Deb Kozak announced on Sunday afternoon that she will be the third candidate for the Nelson mayoral seat in the upcoming election, vying for a spot against retired Nelson cop Pat Severyn and incumbent John Dooley.
Kozak had been long rumoured to have mayoral ambitions. She made her announcement shortly after returning from a conference with the Union of BC Municipalities in Whistler. Some observers believe Severyn’s entry into the race will dilute Dooley’s conservative power base, which may give Kozak a better chance to take the top shot.
“I’m feeling calm and centred. I’m really relieved that I’ve come to a decision, because I’ve wrestled with it for months,” said the 60-year-old city councillor. “It’s time. I’ve been on council nine years and I thought ‘throw your hat in’.”
Kozak first moved to Nelson in 1983, when her husband was offered a job in the area, and they raised their children here. Kozak recently became a grandmother for the first time.
“I’ve loved Nelson ever since I stepped foot in it. I’ve been passionate about working and volunteering in the public and private sectors, I’ve gotten to know a lot of people, and for me the most important part of this community is its diversity and its passion. I want to see that continue.”
Around the time of her arrival, Nelson was in an economic downturn due to the closures of the Kootenay Forest Products plant and David Thompson University Centre. She was amazed at the time by the bold decision-making on the part of city council.
“It was a very frightening time. But it was at that time that the council of the day took a bold step forward to rejuvenate Baker. They said ‘we’re going to rip off all the old clapboards off these beautiful buildings and we’re going to go for it,” she said.
Kozak was inspired by the audacity of their undertaking, and by the resilience of the Nelson community, and now thirty years later she’s willing to tackle similarly large issues.
“One thing I’ve learned as a councillor, and even before that, is I’m good at conversation. And I’m good at welcoming even difficult conversations. We have a diverse community, and sometimes that leads to conflict. I think you work through those things, and you make better decisions when all those groups are pulled together, or at least have an opportunity to share what they think about the future,” she said.
So what are the conversation she imagines she’ll be having in the coming years?
“Affordable housing is definitely an issue,” she said. “I have some experience in this area because I worked for a non-profit around providing housing for marginalized people in the community, those who struggle. What I’m also starting to hear is that people of moderate income are finding it hard to live here, and that’s something we need to address.”
Kozak said she’s excited to hear the results of the cross-sectoral meeting recently hosted by council member Donna Macdonald, where a broad spectrum of the community met to discuss how to encourage affordable housing in the area.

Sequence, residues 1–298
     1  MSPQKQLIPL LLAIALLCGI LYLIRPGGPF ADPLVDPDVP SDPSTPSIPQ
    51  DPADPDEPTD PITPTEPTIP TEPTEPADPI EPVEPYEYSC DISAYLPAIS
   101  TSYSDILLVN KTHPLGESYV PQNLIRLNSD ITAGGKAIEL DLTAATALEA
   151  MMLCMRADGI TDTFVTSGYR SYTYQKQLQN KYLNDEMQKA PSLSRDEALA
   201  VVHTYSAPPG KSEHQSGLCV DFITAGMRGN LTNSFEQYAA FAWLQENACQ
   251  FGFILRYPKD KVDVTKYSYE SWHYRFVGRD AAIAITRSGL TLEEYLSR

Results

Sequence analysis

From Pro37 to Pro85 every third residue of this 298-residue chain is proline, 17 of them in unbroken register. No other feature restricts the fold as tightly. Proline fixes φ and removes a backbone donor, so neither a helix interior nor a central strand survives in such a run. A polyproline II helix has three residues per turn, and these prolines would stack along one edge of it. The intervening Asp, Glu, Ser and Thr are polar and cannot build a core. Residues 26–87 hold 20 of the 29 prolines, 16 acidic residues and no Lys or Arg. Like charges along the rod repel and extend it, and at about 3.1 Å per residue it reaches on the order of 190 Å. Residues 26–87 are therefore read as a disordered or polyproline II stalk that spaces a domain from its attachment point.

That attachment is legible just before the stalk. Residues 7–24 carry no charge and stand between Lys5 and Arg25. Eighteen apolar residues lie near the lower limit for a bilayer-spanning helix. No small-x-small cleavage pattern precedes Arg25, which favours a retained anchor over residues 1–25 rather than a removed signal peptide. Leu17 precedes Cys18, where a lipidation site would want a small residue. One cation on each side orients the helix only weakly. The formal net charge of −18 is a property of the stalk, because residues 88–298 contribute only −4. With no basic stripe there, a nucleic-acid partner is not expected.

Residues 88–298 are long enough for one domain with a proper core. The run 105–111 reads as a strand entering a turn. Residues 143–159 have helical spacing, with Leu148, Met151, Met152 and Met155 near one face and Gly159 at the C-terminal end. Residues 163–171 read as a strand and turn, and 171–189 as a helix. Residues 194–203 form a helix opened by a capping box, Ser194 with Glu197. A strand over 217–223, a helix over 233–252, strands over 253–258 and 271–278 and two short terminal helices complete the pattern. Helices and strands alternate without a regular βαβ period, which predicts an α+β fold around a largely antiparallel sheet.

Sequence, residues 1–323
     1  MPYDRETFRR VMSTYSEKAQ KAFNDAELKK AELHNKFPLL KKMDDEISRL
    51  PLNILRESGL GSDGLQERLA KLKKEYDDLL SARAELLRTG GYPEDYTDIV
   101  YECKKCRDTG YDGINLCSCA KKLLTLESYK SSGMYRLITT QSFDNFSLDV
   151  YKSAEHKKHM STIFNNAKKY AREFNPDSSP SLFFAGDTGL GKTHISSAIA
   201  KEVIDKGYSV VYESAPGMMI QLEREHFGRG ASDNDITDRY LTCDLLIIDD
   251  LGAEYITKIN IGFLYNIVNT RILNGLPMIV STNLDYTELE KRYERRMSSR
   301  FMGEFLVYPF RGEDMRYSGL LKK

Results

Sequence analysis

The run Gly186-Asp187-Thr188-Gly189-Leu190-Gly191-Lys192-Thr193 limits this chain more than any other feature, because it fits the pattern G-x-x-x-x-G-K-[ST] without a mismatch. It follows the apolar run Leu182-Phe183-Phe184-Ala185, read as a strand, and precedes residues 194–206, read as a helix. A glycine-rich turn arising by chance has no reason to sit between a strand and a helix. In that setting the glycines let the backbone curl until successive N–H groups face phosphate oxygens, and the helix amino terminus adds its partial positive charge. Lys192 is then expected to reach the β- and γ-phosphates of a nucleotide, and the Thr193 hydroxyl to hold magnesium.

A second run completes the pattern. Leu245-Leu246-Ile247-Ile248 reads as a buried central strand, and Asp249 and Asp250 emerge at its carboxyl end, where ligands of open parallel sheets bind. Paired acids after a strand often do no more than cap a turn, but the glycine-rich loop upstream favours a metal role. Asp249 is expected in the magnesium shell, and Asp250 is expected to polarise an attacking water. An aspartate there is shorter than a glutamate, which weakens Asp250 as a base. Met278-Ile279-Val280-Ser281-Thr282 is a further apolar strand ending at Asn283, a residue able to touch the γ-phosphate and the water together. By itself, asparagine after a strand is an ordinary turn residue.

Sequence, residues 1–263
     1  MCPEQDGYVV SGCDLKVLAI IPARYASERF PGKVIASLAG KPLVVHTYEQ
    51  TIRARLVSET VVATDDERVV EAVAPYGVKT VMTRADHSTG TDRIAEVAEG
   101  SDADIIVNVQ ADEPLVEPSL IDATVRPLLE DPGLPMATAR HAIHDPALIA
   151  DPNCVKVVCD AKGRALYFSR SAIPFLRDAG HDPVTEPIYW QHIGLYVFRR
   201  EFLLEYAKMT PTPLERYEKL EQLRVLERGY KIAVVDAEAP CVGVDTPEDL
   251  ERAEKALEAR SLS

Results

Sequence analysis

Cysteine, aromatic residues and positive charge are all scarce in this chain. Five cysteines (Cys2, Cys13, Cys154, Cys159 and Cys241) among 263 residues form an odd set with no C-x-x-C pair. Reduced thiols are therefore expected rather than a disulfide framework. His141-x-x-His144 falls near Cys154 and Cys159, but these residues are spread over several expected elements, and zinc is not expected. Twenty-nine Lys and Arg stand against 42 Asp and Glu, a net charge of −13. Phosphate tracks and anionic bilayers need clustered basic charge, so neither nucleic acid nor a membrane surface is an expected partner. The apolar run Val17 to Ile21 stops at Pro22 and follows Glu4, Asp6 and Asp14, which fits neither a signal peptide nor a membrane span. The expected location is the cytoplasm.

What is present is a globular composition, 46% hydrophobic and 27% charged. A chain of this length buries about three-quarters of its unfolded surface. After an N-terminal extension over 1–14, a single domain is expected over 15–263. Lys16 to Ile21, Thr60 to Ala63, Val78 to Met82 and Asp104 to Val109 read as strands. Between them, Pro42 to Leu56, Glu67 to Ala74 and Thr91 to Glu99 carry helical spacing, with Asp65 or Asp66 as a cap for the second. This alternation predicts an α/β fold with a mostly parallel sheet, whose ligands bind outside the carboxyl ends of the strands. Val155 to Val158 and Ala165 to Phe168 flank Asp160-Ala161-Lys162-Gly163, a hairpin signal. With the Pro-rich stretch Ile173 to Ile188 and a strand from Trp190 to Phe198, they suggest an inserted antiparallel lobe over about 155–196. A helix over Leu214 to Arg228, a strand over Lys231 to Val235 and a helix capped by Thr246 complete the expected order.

“What I see is a lack of affordable rentals. Everyone wants to build a strata, because that’s a way for a developer to build a project, get the money and move on. It’s a bigger commitment to build a rental, and what I’m hearing is we need more.”
She said council can potentially incentivize building or maintaining suites by cutting water and sewer rates, a move they’ve already made but could take further. She said though housing is the purview of the provincial and federal government, the municipality can work alongside them.
Another issue Kozak is passionate about is climate change. She has been building a relationship with ALP-S, a climate institute in Austria that was brought to her attention by local climate scientist Mel Reasoner.
She visited and met with the executive director while she was on council.
“One of the things that was most encouraging to me is the first time we met he said `we’re going to change the world, aren’t we’?” she said. “I’m not so naive as to think our reliance on petroleum products is going to end tomorrow, but he said if we make a real commitment we could end our total reliance on gas and oil in a generation. To me, that’s extremely inspiring.”
Staff and council plan to visit ALP-S after the election to discuss further how they can partner on climate change initiatives, which includes introducing alternative energy systems, hosting community engagement initiatives and researching risk management.
“I know there’s something we can work together on,” she said.
Kozak also plans to continue the work she started on council, which includes ending the dog ban downtown and exploring how to open up Baker Street to pedestrians.
Kozak has already proposed ending the dog bylaw. After meeting with the business community and liaising with the police and bylaw officers, she learned that many would like to see the unusual bylaw changed.
“I took that idea to council and it didn’t even hit the floor for discussion. I was stunned by that,” she said. “If I was going to assume the chair, I’d say we’ve researched this one. Let’s move forward.”
Kozak said one of her primary goals is to continue to foster relationships with other communities in the region, and to learn from other cities’ work.
“In my work as chair of the local government’s committee for the Columbia River Treaty, it’s been such a gift to work with other politicians around the basin. I think those relationships will serve us well. We need to be thinking regionally.”
Kozak said she’s thrilled at the prospect of moving into her new role.
“I bring to the table experience, passion, heart and mind. What I have to offer is almost fearless exploration of who we can be.”
The election will be held on Saturday, November 15.